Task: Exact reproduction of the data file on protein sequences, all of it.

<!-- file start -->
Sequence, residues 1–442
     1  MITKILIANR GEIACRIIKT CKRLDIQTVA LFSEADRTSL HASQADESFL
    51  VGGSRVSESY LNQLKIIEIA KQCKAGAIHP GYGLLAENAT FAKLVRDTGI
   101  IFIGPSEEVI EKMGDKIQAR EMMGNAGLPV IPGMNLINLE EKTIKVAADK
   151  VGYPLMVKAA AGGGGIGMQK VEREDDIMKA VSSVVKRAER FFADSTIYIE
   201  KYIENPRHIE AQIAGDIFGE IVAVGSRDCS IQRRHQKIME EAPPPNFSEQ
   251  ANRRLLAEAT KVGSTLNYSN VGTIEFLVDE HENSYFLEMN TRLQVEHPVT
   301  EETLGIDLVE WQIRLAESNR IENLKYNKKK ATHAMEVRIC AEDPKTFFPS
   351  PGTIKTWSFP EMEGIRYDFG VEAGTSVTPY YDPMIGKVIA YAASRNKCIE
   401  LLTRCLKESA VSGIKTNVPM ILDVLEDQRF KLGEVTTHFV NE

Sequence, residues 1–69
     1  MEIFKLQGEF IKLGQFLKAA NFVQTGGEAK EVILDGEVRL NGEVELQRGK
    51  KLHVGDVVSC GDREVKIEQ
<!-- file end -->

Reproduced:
Sequence, residues 1–442
     1  MITKILIANR GEIACRIIKT CKRLDIQTVA LFSEADRTSL HASQADESFL
    51  VGGSRVSESY LNQLKIIEIA KQCKAGAIHP GYGLLAENAT FAKLVRDTGI
   101  IFIGPSEEVI EKMGDKIQAR EMMGNAGLPV IPGMNLINLE EKTIKVAADK
   151  VGYPLMVKAA AGGGGIGMQK VEREDDIMKA VSSVVKRAER FFADSTIYIE
   201  KYIENPRHIE AQIAGDIFGE IVAVGSRDCS IQRRHQKIME EAPPPNFSEQ
   251  ANRRLLAEAT KVGSTLNYSN VGTIEFLVDE HENSYFLEMN TRLQVEHPVT
   301  EETLGIDLVE WQIRLAESNR IENLKYNKKK ATHAMEVRIC AEDPKTFFPS
   351  PGTIKTWSFP EMEGIRYDFG VEAGTSVTPY YDPMIGKVIA YAASRNKCIE
   401  LLTRCLKESA VSGIKTNVPM ILDVLEDQRF KLGEVTTHFV NE

Sequence, residues 1–69
     1  MEIFKLQGEF IKLGQFLKAA NFVQTGGEAK EVILDGEVRL NGEVELQRGK
    51  KLHVGDVVSC GDREVKIEQ